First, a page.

Community Support = Farm Resilience

Still no rain!  With the long-term forecast looking dry and relatively warm it is with some measure of unease that we are sowing our winter covercrops. Usually the first rains arrive in October and supply enough moisture to ensure good germination. This year we might have to assist with supplemental irrigation to prevent the germinating covercrop from drying up. The lack of rain is a mixed blessing, on one hand it allowed us to enjoy a good growing season, even the most rain susceptible crops such as our Blenheim Apricots and dry-farmed tomatoes were bountiful, on the other hand this prolonged drought causes the overdraft of our finite ground and surface water resources, it has extended the fireseason in our area to more than 7 months, and is stressing native plant and animal life in our surrounding natural environment.

h-irrigating new plantings

Our local foodsystem depends on an abundant supply of water, almost 80% of the state’s water supply is used for agricultural purposes. At the current rate, more groundwater is being extracted from our Pajaro Valley aquifer than is being replenished; in some cases along the coast, this overdrafting of groundwater is causing saltwater intrusion. We are living on borrowed time as we pump unsustainable amounts of water. With more uncertain weather patterns caused by climate change we are obliged to rethink how to make our farms more resilient and sustainable. Although we can’t change the weather we can certainly prepare and do our part to adapt to the challenges ahead by conserving, diversifying, and using innovative tools to help us adapt and be better prepared for unforeseen circumstances ahead.

As we complete this 18th growing season and prepare once again for the next one, it is gratifying to acknowledge the incredible support that has nurtured this farm since its inception. Every time we plant a seed, it is reassuring to know that the care we invest in the cultivation and development of our crops is backed by the vitality of an entire community: a living network of supporters, everything from the often forgotten soil organisms to the diverse human community of fellow farmers, farm employee’s, farm suppliers, local restaurants, retailers, distributors, CSA members, farmer’s market customers, artisan food producers, cooks, teachers, students, and friends. The food grown on this land becomes a common thread that links us all together, and with every meal we prepare we also enjoy the pleasure and nourishment that comes from it.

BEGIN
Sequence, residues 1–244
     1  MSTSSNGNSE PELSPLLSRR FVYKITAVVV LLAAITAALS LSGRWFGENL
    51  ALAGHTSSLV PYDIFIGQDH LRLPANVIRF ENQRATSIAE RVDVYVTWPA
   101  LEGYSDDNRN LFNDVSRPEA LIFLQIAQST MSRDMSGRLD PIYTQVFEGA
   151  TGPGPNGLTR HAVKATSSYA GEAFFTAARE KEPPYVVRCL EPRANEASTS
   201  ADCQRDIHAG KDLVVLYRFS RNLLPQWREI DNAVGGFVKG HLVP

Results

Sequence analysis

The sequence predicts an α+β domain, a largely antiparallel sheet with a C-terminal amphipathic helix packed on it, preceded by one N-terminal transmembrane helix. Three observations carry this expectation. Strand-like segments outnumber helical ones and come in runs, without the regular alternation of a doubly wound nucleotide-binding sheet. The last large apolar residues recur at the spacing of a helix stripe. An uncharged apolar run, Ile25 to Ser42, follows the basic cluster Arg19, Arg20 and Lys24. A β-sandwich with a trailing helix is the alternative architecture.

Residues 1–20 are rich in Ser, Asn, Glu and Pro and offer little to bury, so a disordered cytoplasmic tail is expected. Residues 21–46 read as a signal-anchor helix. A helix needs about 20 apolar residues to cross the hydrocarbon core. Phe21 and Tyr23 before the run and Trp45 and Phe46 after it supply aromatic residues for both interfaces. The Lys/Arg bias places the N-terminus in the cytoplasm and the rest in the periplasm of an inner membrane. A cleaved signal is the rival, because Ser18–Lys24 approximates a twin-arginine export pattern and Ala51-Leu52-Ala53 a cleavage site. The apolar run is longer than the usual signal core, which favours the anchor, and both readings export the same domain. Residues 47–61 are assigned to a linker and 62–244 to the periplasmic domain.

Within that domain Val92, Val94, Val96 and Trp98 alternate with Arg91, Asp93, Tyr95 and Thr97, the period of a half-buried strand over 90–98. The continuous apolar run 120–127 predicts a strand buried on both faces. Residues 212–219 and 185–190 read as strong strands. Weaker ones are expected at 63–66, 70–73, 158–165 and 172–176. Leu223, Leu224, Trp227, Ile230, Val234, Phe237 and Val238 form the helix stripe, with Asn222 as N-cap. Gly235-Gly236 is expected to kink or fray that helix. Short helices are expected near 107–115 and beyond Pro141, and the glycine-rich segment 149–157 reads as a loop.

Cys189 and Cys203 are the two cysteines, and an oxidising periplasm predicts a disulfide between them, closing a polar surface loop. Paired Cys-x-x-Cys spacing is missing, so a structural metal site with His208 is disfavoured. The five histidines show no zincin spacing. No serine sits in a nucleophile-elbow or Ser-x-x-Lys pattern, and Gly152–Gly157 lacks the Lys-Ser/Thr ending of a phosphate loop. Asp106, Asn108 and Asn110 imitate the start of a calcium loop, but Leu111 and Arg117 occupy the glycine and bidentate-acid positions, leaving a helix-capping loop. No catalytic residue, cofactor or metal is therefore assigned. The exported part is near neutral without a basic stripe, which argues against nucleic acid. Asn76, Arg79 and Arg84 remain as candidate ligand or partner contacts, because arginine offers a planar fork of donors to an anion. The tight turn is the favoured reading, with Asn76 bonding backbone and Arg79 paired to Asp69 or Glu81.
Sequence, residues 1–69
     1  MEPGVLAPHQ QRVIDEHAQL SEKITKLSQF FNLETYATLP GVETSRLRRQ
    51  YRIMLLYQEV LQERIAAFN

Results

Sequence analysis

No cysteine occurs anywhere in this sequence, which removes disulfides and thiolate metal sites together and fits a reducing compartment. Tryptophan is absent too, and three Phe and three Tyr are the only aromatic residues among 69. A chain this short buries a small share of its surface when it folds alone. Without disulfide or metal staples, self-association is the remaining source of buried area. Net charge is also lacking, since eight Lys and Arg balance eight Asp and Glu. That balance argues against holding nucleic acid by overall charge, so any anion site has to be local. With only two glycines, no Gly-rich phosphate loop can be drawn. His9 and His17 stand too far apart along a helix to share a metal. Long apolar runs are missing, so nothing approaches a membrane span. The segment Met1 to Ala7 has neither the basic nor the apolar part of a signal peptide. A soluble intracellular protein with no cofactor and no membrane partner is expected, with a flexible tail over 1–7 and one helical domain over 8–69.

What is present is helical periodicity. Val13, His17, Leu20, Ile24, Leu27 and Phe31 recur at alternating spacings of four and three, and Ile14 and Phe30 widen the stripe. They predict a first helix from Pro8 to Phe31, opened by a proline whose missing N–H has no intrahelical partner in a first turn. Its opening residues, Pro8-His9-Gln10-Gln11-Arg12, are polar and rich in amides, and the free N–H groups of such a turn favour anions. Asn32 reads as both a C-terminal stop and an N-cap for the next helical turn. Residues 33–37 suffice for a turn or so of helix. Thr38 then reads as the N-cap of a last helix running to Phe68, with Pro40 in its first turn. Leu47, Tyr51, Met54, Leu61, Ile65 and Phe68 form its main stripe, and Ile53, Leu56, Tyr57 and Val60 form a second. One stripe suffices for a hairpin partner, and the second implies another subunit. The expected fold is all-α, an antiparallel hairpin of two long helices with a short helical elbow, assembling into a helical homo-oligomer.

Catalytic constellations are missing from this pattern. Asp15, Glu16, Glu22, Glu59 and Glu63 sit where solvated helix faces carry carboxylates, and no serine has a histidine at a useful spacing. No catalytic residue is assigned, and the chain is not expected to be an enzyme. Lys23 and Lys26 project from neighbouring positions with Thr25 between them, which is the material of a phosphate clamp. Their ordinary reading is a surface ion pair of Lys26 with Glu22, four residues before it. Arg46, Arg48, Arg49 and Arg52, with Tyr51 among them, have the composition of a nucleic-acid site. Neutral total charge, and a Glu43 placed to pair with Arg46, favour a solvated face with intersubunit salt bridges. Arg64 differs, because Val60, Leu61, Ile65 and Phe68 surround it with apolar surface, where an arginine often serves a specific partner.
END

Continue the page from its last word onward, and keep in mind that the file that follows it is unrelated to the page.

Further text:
This simple but powerful act of taking charge and choosing what goes into our mouths is slowly transforming local and regional food systems. Increasingly more farms across the country are responding by moving away from industrial and destructive growing practices, striving to give consumers both access and choice of more affordable and sustainably grown food.

So it is with heartfelt gratitude that all of us here thank you for supporting and participating in the seasonal journey of Live Earth Farm, and we hope you will stay connected for many more nourishing seasons to come.

Fall apricot leaf.

We encourage you to stay in touch by reading our winter newsletters, facebook and website updates. We still have a few winter shares left, both the traditional and choice shares, so sign up now, the Winter CSA starts the first week of December. You, the Live Earth Farm CSA members, are the best ambassadors to keep the CSA movement vibrant and successful so don’t hesitate to contact us with feedback, ideas, and suggestions. We like to hear from you.

Of course we always encourage everyone to join us for the many upcoming farm events and celebrations over the course of next season.

Wishing you all a healthy, joyous and peaceful Thanksgiving!

Wild Turkeys meandering in the apple orchard.

By | 2021-09-29T12:52:50-07:00 January 1st, 2018|Farm News & Tom's Reflections|Comments Off on Community Support = Farm Resilience